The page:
I mean, if we go back to the original film, the 1968 production is a tad cheesy, a little silly looking. Some of that is, of course, due to the fact that the special effects are very dated, owing to when the film came out (1968) and the kinds of special effects that were considered "futuristic" for the era (this isn't something the original series was able to shake as, with the later films, the 1970s trappings of the era are alive in well despite the films still existing in a vague "future" of Earth). The astronauts flying in on their ship, the makeup effects of the Apes, everything has a very 1960s feel to it, and not a realistic "this is what NASA is going right now" kind of Sci-Fi but the Hollywood vision of the future, which is anything but.

While the look of the Sci-Fi might be silly, the story itself is anything but. Four astronauts -- Taylor (Charlton Heston), Landon (Robert Gunner), Dodge (Jeff Burton), and Stewart -- are at the end of a six month mission to travel deep space and study the effects of time dilatation. Due to them traveling at relativistic speeds, their six months in space should equal close to 200 years on Earth, meaning everything they knew is gone. Excited to return home and see what kind of new wonders await them, the four strap themselves into hypersleep and prepare for the final journey home. Unfortunately something goes wrong and their ship crash-lands on a seemingly alien planet, one where intelligent Apes (that, for some reason, speak perfect English) are lords of the land while humans are mute, cattle-like creatures that roam the outskirts of society.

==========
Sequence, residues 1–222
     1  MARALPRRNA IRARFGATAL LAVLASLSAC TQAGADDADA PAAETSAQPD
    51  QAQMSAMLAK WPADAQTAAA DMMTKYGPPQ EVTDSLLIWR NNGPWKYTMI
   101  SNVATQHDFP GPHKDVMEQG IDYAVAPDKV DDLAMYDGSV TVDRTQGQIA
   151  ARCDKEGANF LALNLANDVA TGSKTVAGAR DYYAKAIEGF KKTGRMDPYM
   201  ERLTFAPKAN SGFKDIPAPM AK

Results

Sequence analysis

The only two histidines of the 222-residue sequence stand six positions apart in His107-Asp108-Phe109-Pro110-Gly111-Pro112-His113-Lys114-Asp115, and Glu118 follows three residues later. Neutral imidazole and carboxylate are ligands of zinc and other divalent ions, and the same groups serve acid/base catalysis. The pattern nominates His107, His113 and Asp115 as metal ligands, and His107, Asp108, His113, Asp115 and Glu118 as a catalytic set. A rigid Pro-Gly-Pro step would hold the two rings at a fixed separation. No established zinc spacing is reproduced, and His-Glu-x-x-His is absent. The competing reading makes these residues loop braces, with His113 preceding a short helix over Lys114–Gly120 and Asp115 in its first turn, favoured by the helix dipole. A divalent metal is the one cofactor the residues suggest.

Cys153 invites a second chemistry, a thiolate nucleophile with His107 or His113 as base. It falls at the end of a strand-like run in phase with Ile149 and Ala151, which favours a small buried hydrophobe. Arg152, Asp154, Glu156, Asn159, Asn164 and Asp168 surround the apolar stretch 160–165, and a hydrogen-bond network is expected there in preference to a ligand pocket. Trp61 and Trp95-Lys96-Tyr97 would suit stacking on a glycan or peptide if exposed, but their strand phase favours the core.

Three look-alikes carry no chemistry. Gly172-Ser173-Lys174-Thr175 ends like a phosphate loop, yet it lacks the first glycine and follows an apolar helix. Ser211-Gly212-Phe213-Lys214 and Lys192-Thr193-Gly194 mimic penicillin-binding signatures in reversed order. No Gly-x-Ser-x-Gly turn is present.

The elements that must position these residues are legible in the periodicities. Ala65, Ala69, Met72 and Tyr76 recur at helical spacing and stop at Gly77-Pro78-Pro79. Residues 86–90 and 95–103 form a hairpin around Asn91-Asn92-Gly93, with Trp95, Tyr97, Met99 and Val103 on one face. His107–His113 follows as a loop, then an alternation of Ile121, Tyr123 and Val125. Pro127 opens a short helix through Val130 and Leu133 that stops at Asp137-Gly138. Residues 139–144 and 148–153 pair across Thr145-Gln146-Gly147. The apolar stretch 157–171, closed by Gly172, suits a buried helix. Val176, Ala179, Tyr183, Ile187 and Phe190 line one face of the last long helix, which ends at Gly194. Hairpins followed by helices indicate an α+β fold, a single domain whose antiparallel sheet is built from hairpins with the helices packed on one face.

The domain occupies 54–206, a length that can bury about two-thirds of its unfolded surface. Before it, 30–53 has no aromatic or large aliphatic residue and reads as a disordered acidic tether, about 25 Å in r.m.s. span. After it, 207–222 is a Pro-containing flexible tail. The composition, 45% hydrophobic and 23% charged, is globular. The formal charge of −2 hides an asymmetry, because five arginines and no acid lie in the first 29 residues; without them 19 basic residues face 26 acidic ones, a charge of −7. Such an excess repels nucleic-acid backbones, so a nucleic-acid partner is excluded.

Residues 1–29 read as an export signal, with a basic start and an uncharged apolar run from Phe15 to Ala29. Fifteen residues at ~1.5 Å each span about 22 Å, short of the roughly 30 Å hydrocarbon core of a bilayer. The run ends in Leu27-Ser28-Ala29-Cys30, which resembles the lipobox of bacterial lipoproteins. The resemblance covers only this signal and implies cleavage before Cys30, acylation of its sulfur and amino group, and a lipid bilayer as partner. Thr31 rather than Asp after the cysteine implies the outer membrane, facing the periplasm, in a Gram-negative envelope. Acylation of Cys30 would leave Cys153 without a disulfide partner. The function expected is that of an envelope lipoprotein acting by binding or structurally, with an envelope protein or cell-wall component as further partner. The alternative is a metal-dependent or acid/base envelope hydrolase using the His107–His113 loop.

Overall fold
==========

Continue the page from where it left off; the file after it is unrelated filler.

Dropped into this world, Taylor and his crew are considered sacrilege, mutants that shouldn't exist and must be destroyed. With the help of two friendly apes, Cornelius (Roddy McDowall) and Zira (Kim Hunter), Taylor has to find a way to escape and prove, somehow, the intelligent humans really can exist (and that he isn't just an aberration).